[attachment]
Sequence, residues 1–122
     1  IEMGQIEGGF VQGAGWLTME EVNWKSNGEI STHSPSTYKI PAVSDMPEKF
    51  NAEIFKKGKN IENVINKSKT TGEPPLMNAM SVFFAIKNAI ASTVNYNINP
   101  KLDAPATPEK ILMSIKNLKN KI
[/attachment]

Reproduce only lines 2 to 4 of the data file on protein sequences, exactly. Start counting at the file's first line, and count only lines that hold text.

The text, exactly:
     1  IEMGQIEGGF VQGAGWLTME EVNWKSNGEI STHSPSTYKI PAVSDMPEKF
    51  NAEIFKKGKN IENVINKSKT TGEPPLMNAM SVFFAIKNAI ASTVNYNINP
   101  KLDAPATPEK ILMSIKNLKN KI